|Posted by johnnieraz on August 15, 2020 at 7:00 AM|
By John Rezell
As we wrapped around the final switchbacks on the western edge of Castle Rock, the fog lifted from the valley into a bright blue sky like a flock of sparkling stars returning to the Milky Way. Ridgely charged ahead, as she's apt to do, as curious as I was — wondering if we would be graced by the view or fogged in.
Once we cleared the summit and hiked to the eastern front, Mother Nature rewarded us in grand style. The Sisters peeked over a bank of clouds hanging like a sash around their middriff. We sat and soaked it in, this nearly perfect Saturday morning.
Oregon gets a terrible rap for its weather, which, Spoiler Alert, is fine with us. It rains, sure, but nowhere near the London-esque manner most people believe. I ride my bike to work every day, and only need to don rain pants a handful of times each year. .
From June until September, here in the Willamette Valley we see nary a drop of rain. Summers are magificent. The rest of the year, we never let a little rain bother us. Clouds, however, spend a lot of time hanging around here this time of the year.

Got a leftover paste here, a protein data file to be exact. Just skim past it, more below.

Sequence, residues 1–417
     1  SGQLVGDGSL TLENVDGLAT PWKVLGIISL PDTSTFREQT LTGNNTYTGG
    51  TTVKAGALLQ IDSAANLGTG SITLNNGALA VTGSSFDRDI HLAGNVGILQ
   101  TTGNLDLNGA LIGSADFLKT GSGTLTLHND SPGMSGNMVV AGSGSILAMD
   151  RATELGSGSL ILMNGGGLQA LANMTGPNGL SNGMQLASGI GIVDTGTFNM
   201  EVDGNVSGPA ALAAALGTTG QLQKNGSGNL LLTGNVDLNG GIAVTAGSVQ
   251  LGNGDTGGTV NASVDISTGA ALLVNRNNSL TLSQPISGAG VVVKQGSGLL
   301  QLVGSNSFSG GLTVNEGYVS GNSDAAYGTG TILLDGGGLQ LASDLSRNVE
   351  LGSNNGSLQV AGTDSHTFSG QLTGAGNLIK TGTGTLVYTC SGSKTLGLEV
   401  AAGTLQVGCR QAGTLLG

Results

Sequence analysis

So to have a chance to make one of my favorite hikes and be rewarded with my most cherished Oregon image, well, I just couldn't pass that up.
You can see the majestic Sisters from numerous locations in Eugene, but it's not as though they serve as towering sentinels watching over us. Which makes the fact that they have become my vision of "home" even more confounding. Whenever their peaks pop into view, something stirs deep inside.
There was a time when Holy Hill, cradled in Wisconsin's Kettle Moraine gave me that jolt. Later the Southern California sunsets across the Pacific and the stunning views of the Flat Irons overlooking Boulder brought me that sizzle.
These days, the Sisters offer me peace of mind. Home.
Something about this hike lures me to this viewpoint again and again, after the first visit struck me like a magical spell. It has been our Christmas hike on many occasions that snow levels allow it, and it's the place where I brought my sax to wail one final tribute to Clarence Clemons on his passing.
We had the mountain to ourselves this Saturday morning, Ridgely and I. Miles from our house, a few thousand feet above it, we spent the morning at home.